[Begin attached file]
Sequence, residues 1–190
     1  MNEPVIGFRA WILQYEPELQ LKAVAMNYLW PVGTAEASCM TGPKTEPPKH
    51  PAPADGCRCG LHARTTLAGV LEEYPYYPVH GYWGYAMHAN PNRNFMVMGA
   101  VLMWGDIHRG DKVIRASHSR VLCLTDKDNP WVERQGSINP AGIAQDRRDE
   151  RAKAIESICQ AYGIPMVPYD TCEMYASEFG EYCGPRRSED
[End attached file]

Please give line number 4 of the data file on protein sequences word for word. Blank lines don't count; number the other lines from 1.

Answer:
   101  VLMWGDIHRG DKVIRASHSR VLCLTDKDNP WVERQGSINP AGIAQDRRDE